Health Watch -- Anti-fat Treatment

Health Watch is a Public Service of the Office of News and Publications and is intended to provide general information only and should not replace the advice of a medical professional. You should contact your physician if you have questions about any of these topics.

Could a medical anti-obesity treatment be on the horizon?

Obesity is a serious health issue in this country, so it's important that Americans learn to eat better and maintain a healthy weight, but researchers at UT Southwestern Medical Center at Dallas may have found another way to fight fat.

The researchers have managed to turn fat-storing cells into fat-burning cells. They found that increasing amounts of leptin - a protein involved in regulating body weight - increases the action of mitochondria in cells. Mitochondria serve as cells' energy source.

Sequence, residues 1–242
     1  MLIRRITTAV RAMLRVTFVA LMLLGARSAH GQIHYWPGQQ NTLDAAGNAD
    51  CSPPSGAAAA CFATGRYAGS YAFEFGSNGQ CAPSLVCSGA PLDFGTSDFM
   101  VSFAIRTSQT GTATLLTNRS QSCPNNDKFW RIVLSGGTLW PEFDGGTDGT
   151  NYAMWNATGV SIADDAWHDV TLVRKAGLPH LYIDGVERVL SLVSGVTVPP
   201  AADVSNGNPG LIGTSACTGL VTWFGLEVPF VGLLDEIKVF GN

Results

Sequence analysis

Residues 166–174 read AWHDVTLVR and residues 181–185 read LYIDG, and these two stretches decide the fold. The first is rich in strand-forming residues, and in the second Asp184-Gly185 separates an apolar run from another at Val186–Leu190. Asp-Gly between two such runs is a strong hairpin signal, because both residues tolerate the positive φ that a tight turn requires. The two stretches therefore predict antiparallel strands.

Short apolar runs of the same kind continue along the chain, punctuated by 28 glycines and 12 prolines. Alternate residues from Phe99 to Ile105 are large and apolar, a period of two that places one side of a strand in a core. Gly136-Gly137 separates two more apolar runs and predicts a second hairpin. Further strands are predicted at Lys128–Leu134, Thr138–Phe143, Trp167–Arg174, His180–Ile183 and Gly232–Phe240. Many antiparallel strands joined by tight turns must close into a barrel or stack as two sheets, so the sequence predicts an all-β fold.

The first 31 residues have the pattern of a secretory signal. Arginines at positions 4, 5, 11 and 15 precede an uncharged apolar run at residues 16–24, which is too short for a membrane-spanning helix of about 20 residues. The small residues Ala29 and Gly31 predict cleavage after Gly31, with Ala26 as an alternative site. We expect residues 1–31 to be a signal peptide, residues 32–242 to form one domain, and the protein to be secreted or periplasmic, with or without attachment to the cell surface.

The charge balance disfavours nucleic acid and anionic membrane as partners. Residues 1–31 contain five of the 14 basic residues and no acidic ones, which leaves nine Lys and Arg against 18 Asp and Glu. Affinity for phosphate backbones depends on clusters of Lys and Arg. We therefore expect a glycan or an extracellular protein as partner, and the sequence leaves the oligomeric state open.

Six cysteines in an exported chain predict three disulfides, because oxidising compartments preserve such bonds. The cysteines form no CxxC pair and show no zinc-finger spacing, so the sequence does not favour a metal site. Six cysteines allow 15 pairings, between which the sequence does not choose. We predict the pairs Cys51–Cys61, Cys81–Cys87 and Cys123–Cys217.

Dr. Roger Unger, the UT Southwestern researcher who led the study, said the leptin treatment turned fat-storing cells into an entirely different kind of cell that hasn't been seen before. In laboratory studies, overweight rats treated with leptin lost more weight - and lost it more rapidly - than rats that were fed a restricted diet. Rats on the leptin therapy were healthy, ate less and were more active, while rats on a restricted diet looked for more food and were less active. The rats on a diet also gained more weight once the restrictions were eased.

Doctors need to do more research on this before the fat-burning treatment becomes widely available, but Dr. Unger said he's hopeful that this could be a step toward solving the obesity epidemic.


March 2004